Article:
Psalms 120–134 make up the Psalms of Ascent, a collection of songs for the journey from where life is messed up to where it reflects God’s intended blessing for his people.
I stumbled into the Psalms of Ascent when I was plodding through graduate school in Madison, Wisconsin. My living space at the time was a bright cheery apartment, where floor-to-ceiling windows in my southwest bedroom guaranteed ample light, even on the cloudiest of days.
And there were a lot of cloudy days. I’d moved to Madison for what I thought was the last leg of long academic journey, but the transition had triggered panic, anxiety, and depression—a state of mind and body that I called “the Edge” because it threatened to send me spiraling into an abyss of despair, a place where I had little control over my heretofore reliable mind and body.
It was the kind of season in which the book of Psalms offers particular solace.
But, for me at least, deciding which psalm to grab on to in a book of 150 was overwhelming. Not only is Psalms a big book, its scores of songs appear somewhat random in their organization (they aren’t, but that’s for another day.) Aside from the time-worn approaches of starting at Psalm 1 or flipping-and-pointing my way to whatever psalm catches my eye, I floundered in the book. It was hard to get beyond the beloved familiarity of scattered passages such as “the LORD is my shepherd” (Ps. 23), “God is our refuge and strength” (Ps. 46), and “I am fearfully and wonderfully made” (Ps. 139).
So, while the book of Psalms can be a lifeline in desperate times, in my own season of desperation I flapped and flailed, struggling to catch hold of the right psalm. What I needed in that season of fatigue was an inner tube to hold me up, to keep me from being swept away by the waters swirling around me.
Enter the Psalms of Ascent. The fifteen psalms that begin in Psalm 120 and end in Psalm 134 offered me circumscribed boundaries, a collection that could keep me afloat. Encircled by its many-but-not-too-many songs, I could stop fighting. Arms wrapped around its buoying words, I could navigate the waves from a place of safety.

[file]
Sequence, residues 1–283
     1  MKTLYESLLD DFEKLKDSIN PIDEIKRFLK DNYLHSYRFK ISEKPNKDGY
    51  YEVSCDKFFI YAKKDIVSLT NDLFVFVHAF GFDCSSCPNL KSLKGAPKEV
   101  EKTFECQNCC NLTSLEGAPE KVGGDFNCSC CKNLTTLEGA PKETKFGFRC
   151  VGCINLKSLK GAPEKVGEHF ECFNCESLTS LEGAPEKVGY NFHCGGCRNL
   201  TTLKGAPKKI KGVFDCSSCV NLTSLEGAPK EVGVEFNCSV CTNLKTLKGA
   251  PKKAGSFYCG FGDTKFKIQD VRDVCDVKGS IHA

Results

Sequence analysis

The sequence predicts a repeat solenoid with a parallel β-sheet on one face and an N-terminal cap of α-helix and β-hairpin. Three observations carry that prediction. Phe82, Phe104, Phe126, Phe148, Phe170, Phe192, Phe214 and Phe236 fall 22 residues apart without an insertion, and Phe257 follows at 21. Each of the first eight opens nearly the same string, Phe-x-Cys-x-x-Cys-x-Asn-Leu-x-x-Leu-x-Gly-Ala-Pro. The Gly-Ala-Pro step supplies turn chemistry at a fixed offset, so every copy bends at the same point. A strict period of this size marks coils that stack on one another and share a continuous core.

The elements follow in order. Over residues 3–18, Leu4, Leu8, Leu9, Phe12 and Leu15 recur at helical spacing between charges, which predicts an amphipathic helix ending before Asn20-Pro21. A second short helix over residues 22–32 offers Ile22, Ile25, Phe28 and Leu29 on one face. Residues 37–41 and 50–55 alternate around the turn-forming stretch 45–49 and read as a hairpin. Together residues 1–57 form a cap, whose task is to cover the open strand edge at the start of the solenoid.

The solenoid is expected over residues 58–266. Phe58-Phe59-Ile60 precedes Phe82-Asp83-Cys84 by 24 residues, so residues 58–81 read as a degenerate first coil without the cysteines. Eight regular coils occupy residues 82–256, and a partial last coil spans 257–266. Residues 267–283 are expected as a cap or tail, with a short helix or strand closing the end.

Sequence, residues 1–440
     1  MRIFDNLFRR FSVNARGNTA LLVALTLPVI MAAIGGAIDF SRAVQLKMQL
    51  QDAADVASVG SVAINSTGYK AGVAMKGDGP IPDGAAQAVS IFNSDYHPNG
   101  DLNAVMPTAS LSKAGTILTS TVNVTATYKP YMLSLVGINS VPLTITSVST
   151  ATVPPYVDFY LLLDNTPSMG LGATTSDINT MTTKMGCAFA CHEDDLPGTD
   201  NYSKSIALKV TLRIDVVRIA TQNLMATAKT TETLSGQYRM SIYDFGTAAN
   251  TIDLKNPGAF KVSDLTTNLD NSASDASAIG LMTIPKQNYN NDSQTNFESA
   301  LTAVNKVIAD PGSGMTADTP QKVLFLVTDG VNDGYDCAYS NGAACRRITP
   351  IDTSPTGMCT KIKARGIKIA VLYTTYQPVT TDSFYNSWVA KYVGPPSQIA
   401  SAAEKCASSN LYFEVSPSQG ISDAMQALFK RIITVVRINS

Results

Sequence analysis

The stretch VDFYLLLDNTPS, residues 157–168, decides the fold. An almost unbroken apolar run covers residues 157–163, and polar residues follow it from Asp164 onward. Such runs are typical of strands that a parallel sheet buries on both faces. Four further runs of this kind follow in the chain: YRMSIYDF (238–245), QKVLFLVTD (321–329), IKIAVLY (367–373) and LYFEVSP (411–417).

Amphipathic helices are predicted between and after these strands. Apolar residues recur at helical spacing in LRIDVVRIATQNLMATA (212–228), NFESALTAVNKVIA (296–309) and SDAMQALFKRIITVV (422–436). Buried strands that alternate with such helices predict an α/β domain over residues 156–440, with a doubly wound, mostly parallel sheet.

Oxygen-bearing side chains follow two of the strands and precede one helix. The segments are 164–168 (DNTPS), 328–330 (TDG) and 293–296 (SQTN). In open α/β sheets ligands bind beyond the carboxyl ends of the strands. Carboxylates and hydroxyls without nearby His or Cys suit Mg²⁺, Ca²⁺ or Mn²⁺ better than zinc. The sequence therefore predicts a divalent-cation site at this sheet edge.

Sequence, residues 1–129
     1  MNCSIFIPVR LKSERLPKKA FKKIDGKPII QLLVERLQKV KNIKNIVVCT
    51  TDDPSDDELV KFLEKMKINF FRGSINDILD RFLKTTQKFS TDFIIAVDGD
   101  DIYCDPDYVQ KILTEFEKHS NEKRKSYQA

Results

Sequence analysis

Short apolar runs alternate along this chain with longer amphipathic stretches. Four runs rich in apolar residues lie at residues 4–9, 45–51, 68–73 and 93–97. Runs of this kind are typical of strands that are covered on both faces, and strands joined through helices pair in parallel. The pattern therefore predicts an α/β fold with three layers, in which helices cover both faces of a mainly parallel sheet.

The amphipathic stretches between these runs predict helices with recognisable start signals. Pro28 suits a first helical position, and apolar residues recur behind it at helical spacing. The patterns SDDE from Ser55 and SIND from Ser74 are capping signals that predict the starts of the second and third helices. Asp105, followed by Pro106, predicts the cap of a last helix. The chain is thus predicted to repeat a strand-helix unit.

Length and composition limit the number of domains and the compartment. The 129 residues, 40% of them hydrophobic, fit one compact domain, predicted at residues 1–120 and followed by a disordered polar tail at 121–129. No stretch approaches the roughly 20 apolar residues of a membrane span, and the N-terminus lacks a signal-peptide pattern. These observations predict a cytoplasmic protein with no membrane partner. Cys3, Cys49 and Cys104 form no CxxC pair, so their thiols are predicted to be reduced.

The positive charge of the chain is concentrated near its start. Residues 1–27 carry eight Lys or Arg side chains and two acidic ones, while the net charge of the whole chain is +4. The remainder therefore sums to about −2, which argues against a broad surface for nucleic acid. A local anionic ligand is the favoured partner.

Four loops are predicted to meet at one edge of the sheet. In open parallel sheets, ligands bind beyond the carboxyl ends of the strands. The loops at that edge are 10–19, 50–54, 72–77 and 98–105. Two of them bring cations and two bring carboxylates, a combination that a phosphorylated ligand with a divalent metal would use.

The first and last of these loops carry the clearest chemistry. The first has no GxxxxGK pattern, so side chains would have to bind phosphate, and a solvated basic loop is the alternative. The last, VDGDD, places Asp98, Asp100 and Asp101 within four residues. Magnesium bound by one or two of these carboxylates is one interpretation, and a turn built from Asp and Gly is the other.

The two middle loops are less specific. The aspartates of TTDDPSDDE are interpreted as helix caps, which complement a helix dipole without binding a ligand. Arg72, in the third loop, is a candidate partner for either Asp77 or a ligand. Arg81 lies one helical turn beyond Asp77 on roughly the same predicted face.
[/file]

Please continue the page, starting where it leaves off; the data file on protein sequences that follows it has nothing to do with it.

My goal that first year in Madison was to memorize the collection. I hoped that filling my head with its words would give my anxious mind a better place to dwell. While I dried my hair in the bright sunshine of my bedroom each morning, my Bible lay open on the bed next to me. With each brush stroke, I read and repeated a set of lines to take with me on my walk to campus. Even if you’ve never heard of the Psalms of Ascent, you are likely familiar with some of these lines.
- “I lift up my eyes to the hills, from whence comes my help” (Ps. 121).
- “Those who trust in the LORD are like Mount Zion, which shall never moved but endures forever” (Ps. 125).
- “Unless the LORD builds the house, its laborers build it in vain” (Ps. 127).
- “Children are a heritage from the LORD” (Ps. 127).
- “I wait for the LORD more than watchman wait for the morning” (Ps. 130).
- “How good and pleasant it is when God’s people live together in unity!” (Ps. 133)
I petered out on my memorization project before I reached the end, but the collection had nonetheless become part of me. I returned to its words again and again, eventually completed a sermon series on it, and now I’ve circled back to make my way through the collection again.
Each of the fifteen Psalms of Ascent can stand on its own, but there is also value in each song as part of the collection. In this set of posts, I’ll work my way through the songs, considering the message of the individual psalms, as well as their significance in the larger group—beginning with the question, What’s a “song of ascents” anyway?